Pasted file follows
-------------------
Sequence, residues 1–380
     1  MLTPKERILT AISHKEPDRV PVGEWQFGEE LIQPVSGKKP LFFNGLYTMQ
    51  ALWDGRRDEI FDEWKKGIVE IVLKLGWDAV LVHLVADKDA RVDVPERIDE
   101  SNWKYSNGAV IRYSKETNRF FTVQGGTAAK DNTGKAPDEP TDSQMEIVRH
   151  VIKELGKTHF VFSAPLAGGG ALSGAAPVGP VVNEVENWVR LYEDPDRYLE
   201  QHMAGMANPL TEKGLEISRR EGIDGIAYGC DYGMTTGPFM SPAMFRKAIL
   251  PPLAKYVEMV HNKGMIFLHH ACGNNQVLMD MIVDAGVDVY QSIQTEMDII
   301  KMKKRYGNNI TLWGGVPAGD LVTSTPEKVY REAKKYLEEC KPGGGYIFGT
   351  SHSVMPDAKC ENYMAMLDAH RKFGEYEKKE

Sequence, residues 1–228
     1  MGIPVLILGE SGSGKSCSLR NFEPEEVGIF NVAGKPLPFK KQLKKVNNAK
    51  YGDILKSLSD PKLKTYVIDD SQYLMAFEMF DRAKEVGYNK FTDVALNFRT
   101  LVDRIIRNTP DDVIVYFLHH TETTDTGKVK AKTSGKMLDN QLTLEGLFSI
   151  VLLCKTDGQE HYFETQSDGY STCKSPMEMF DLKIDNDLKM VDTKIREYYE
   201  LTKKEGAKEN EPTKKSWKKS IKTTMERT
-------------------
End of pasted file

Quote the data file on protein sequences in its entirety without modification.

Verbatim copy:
Sequence, residues 1–380
     1  MLTPKERILT AISHKEPDRV PVGEWQFGEE LIQPVSGKKP LFFNGLYTMQ
    51  ALWDGRRDEI FDEWKKGIVE IVLKLGWDAV LVHLVADKDA RVDVPERIDE
   101  SNWKYSNGAV IRYSKETNRF FTVQGGTAAK DNTGKAPDEP TDSQMEIVRH
   151  VIKELGKTHF VFSAPLAGGG ALSGAAPVGP VVNEVENWVR LYEDPDRYLE
   201  QHMAGMANPL TEKGLEISRR EGIDGIAYGC DYGMTTGPFM SPAMFRKAIL
   251  PPLAKYVEMV HNKGMIFLHH ACGNNQVLMD MIVDAGVDVY QSIQTEMDII
   301  KMKKRYGNNI TLWGGVPAGD LVTSTPEKVY REAKKYLEEC KPGGGYIFGT
   351  SHSVMPDAKC ENYMAMLDAH RKFGEYEKKE

Sequence, residues 1–228
     1  MGIPVLILGE SGSGKSCSLR NFEPEEVGIF NVAGKPLPFK KQLKKVNNAK
    51  YGDILKSLSD PKLKTYVIDD SQYLMAFEMF DRAKEVGYNK FTDVALNFRT
   101  LVDRIIRNTP DDVIVYFLHH TETTDTGKVK AKTSGKMLDN QLTLEGLFSI
   151  VLLCKTDGQE HYFETQSDGY STCKSPMEMF DLKIDNDLKM VDTKIREYYE
   201  LTKKEGAKEN EPTKKSWKKS IKTTMERT